SAN adoption was inevitable, but the choice between Fibre Channel and IP storage demanded a careful consideration of Mittal's budget, technology, IT skill set, ease-of-use, expandability and detailed discussions with other users of both technologies. During an email interview, W. Dean Sheets, IT demand manager at Mittal, said IP SAN technology met all of the organization's objectives -- and actually resulted in multiple iSCSI SAN deployments. "We deployed the [iSCSI] SANs at three locations; one at the primary U.S. data center, one at the local area disaster recovery location and the other at a wide area DR location." The main U.S. data center now handles 32 TB using eight arrays in a RAID-50 configuration and one array set up for RAID-10. A local disaster recovery facility supports almost 10 TB with two arrays in a RAID-5 configuration. The U.S. disaster recovery data center handles 11 TB with two RAID-50 arrays and one RAID-10 array.

Although Sheets declined to specify Mittal's iSCSI products, he was clear that the move to IP storage SANs fully addressed Mittal's performance needs. "[We] met our need for wide area SAN replication within our WAN speed constraints," he says. "[This let us] fulfill our plan for disk-to-disk-to-tape (D2D2T) backup -- hundreds of servers do their backups to the SANs, which are eventually put on tape. This allowed us to stay within backup time windows." Sheets also pointed to the ease of Web-based management, simplified hardware and potential to implement virtualization at some point in the future.

Sheets notes that practical issues, like optimum NIC selection, switch port configurations and the choice of RAID levels (particularly RAID-10) surfaced during the deployment process. Still, he reports that its IP SAN deployment went smoothly overall, and the results were intriguing. "We actually saw great improvements in performance on all applications compared with our legacy direct attached storage," he says. "This was most noticeable on file servers." Mittal currently has several IP storage upgrade projects that are awaiting approval.

Moving to consolidation

More Information
Top 5 iSCSI tips 2006

iSCSI network configuration, design and optimization

Guidelines for better iSCSI security

Healthcare facilities are notorious for their storage demands. It's not just a matter of patient records, but also a proliferation of high-resolution digitized images, such as X-rays, MRIs and CT scans. For the Children's Hospital of Los Angeles (CHLA), these storage requirements were exacerbated even further with sophisticated drug and treatment research endeavors. Unfortunately, CHLA was faced with two important storage problems: a proliferation of servers running disparate medical applications and a complete lack of centralized storage. "When I started in March of 2005, the hospital was on a Novell [Inc.] environment with all direct attached storage to the servers which were running out of room -- 'out of space' messages were occurring daily," says Randy Ferber, senior project manager at Computer Science Corporation (CSC) [providing technology services to CHLA]. The exact amount of DAS was not entirely clear.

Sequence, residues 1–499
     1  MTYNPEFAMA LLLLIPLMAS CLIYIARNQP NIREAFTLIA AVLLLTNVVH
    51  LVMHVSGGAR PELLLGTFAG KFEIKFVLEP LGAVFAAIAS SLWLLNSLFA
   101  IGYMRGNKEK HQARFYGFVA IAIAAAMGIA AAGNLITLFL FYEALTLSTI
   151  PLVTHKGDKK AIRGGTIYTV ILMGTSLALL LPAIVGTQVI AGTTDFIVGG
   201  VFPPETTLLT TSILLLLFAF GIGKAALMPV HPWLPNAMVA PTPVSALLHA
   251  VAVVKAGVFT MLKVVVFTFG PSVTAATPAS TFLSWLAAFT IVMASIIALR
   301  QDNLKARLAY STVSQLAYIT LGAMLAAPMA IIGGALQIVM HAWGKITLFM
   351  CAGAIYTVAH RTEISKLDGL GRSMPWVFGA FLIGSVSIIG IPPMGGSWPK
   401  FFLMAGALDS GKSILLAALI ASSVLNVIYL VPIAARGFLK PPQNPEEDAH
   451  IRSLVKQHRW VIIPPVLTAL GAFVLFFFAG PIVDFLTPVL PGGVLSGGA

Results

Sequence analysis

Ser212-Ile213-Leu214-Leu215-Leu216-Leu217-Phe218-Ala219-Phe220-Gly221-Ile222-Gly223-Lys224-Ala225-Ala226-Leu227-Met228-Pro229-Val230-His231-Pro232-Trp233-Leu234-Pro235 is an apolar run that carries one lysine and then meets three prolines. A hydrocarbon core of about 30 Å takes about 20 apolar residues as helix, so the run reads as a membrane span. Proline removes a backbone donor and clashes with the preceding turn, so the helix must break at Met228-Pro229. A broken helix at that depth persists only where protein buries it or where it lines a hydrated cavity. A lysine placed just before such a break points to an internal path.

It was obvious early on that the centralization and sharing of a SAN would be essential before CHLA could ever manage its storage effectively. Ferber spent over a year researching SANs for the hospital. "Fibre Channel presented a lot of challenges that frankly I didn't want to afford," he said. "And how much performance do you really need?" Storage performance had been terrible because the storage devices were full, so Ferber concluded that adequate results could be realized without the expense and overhead of Fibre Channel -- a decision that eventually led to the deployment of two LeftHand Networks Inc. IP storage SANs connected by an optical fiber link. Ferber reports that the initial installation was problem free and took about three days.

Today, 19 TB is currently deployed in IP storage (that figure is expected to double in 2007) and iSCSI storage has totally replaced the decentralized DAS architecture; bringing cost and management savings to the enterprise. "I know I save 40% of what a Fibre Channel [SAN] would have cost," Ferber says. "I showed a return on investment in less than a year." Additional iSCSI storage can automatically configure and grow volumes as needed, simplifying the management needs for IP storage. As more users embrace centralized SAN storage, Ferber is systematically removing Zip drives and other decentralized storage devices.

The next big push for CHLA's storage infrastructure is to eventually eliminate tapes. Although tape use has declined with the adoption of IP storage, it is still an essential part of long-term data retention for children's medical records (currently 21 years). Still, Ferber expects tape use to fall up to 90% as RAID and disk-to-disk backup become more prominent.

The enterprise is noticing

IP storage was considered to be a low-end technology only a few short years ago -- a simple answer to shared storage in the SMB. But it's clear that IP storage, in the form of iSCSI, has captured the attention of larger organizations. Ultimately, traditional FC SAN deployments are expensive to deploy, cumbersome to configure, and difficult to expand. Conversely, independent NAS and DAS deployments can easily become impossible to manage and protect. Users see iSCSI as a cheaper and easier SAN technology that can grow rapidly while still providing solid storage performance for users. IP storage is also proving itself in high-end tasks like backups, remote replication, snapshots and RAID. Although it's still not the predominant choice for transaction-centric data centers, IP storage is finally taking its place as an important storage technology in the enterprise. ***